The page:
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Christian Tourists in Kashmir Face Violence over Conversion Claims

(Updated) United Jihad Council warns missionaries to leave Kashmir or "suffer the consequences."

Update (May 10): Asia News reports that the United Jihad Council (UJC), a militant Islamist group, is warning Christian missionaries to leave Kashmir, the only Indian state with a Muslim majority. Sadagat Hussain Syed, a UJC spokesman, accuses Christians of offering economic help to poverty-stricken Indians if they convert and says missionaries "will suffer the consequences" if they do not leave.


Now is not the time to visit Kashmir if you're a Christian tourist. AsiaNews reports that local Christians–but especially foreigners–in the picturesque but contested Indian state are increasingly in danger of anti-conversion violence.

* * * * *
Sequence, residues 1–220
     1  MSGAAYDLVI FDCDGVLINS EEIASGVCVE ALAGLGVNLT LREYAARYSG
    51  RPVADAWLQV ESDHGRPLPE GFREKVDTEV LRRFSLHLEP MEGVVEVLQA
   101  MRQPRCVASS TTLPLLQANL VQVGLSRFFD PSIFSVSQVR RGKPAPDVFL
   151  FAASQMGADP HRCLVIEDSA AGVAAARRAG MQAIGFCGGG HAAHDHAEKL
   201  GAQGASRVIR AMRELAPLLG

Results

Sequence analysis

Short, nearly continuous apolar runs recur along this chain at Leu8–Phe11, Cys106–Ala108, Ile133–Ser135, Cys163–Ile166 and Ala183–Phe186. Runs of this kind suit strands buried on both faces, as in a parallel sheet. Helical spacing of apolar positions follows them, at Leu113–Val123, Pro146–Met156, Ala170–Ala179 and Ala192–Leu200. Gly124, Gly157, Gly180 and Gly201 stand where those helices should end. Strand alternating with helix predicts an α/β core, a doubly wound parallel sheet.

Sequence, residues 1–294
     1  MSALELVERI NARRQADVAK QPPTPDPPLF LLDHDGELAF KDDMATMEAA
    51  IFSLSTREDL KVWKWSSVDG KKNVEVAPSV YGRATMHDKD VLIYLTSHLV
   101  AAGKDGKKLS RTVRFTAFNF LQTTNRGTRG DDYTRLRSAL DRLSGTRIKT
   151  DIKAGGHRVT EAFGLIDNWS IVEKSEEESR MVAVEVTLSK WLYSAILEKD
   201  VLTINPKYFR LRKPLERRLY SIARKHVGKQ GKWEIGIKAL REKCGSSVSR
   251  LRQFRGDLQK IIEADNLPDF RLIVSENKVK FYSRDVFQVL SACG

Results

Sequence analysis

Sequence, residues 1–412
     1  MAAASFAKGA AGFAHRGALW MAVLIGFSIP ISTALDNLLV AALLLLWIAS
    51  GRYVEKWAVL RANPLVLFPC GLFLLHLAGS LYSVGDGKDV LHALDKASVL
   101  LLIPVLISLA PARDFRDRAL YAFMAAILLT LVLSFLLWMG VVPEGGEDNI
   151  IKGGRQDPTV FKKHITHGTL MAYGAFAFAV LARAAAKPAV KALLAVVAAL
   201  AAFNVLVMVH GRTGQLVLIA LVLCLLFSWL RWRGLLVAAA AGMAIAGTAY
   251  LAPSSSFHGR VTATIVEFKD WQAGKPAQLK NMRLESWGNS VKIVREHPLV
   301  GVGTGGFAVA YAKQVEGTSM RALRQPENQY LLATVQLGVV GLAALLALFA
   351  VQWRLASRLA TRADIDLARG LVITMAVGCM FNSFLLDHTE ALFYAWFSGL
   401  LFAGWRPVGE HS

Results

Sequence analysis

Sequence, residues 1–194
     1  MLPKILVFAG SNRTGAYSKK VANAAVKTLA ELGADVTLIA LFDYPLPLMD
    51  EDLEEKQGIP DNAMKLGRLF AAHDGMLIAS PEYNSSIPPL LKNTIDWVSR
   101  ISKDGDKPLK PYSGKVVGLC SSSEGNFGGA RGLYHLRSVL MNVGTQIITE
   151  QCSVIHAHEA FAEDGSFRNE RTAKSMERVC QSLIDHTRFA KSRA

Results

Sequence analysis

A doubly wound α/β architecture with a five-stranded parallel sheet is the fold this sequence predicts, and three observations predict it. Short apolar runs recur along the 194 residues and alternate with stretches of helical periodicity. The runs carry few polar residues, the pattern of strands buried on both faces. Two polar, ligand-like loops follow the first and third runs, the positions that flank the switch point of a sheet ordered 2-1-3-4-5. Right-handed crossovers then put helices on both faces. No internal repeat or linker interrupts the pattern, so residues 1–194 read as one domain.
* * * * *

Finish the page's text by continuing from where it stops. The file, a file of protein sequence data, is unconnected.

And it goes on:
According to AsiaNews, a mob attacked nine British citizens living in Srinagar last week, accusing the foreign residents of trying to convert local Muslims to Christianity. In February, a group of Christian tourists–eight Americans and four South Koreans–were similarly attacked by a mob at their Srinagar hotel after conversion accusations were posted on Facebook.

The violence is only the latest wave of anti-Christian sentiment. In 2011, an Anglican clergyman was arrested after a YouTube video allegedly showed him baptizing several local Muslims. The pastor was later released, but not before "allegations of allurement ... turned Muslim clergy and separatist leaders against the Christians."

CT previously noted the growing fear among Kashmir Christians last February, and has reported the religious tensions in Kashmir as far back as 2002. Most recently, CT noted that India's most-Hindu state (which borders Kashmir) partially repealed its anti-conversion law.

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